The India-Pakistan rivalry over Inter Continental Ballistic Missiles is old hat. The newest hot fight is over Sorpotel, that fiery, red pork stew virtually synonymous with Goa.
With some Karachiites going gaga over Goan sorpotel cooked with beef, the question becomes: What is the bigger sacrilege, pork in Pakistan or pork-free sorpotel?
The Pakistani version of sorpotel adheres to Islamic dietary law, which prohibits pork.
Deborah Santamaria is an ethnic Goan whose family settled in Karachi generations ago. She’s now a strong advocate of an emerging Goan cuisine, which has travelled abroad with expats and adapted to new environments. But does Pakistanisation of a dish like sorpotel change it to the point where it’s no longer sorpotel at all?
“Pork is difficult to get here. So we use beef in our sorpotel. You should try it sometime, it is not bad at all,” Deborah claimed. At a recent Goan food festival organized by her friends at the grounds of the St Patrick’s Church in Karachi, she said the beef sorpotel was the most devoured by the city’s foodies.
So there is hope for all those in Pakistan who can’t stand life without sorpotel. In my case, I got a portion of sorpotel from Souzo Lobo’s restaurant in Goa’s Calangute beach and poured it into a bowl. In the thick, reddish ooze, with bits of pork meat and what appeared to be slivers of liver floating in relative contentment, I dunked a piece of crusty bread and gobbled it down. I did not stop until I finished the stew.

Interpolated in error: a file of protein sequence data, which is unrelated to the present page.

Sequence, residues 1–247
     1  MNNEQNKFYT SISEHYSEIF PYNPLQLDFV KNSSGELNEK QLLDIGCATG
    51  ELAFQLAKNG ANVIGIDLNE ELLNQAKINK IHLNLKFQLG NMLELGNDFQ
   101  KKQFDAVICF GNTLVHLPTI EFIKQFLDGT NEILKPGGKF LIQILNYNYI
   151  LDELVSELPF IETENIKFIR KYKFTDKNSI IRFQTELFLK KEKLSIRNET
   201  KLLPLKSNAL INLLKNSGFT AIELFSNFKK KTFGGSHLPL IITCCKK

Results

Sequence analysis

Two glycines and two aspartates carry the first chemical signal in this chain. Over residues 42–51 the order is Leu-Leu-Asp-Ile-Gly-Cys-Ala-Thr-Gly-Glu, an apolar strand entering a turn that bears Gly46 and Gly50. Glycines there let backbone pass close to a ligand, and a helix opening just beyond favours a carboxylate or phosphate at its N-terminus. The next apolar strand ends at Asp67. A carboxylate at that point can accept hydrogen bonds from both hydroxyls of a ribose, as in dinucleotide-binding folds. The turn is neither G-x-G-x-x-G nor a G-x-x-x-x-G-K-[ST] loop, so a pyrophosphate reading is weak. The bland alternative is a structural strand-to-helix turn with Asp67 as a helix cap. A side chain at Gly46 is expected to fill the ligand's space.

The best sorpotel, experts say, is the kind which is cooked three days before you actually eat it. Parboiled, boneless pieces of pork, complete with the fat and a highly exotic mix of pig parts including liver, heart, tongue, ear and tail, are stewed in a wide gamut of ground spices for 45 minutes, along with coconut feni and vinegar, which add bite and zing to the sorpotel.
And then perhaps comes the most difficult part. Not eating it for a minimum of three whole days, which is the time required for the stew to mature and for the juices, fat and spices to sink into the meat.
So can beef, a red meat, really substitute for pork in sorpotel? Suzana de Souza, a housewife from Revora, who makes a killer sorpotel herself, rejects the Pakistan variant.
“The essence of sorpotel lies in the fat of the pork. One can add beef pieces to sorpotel. If there is no pork fat, I don’t think you can call it sorpotel,” she says.
Sounds like a sorpotel war in the making.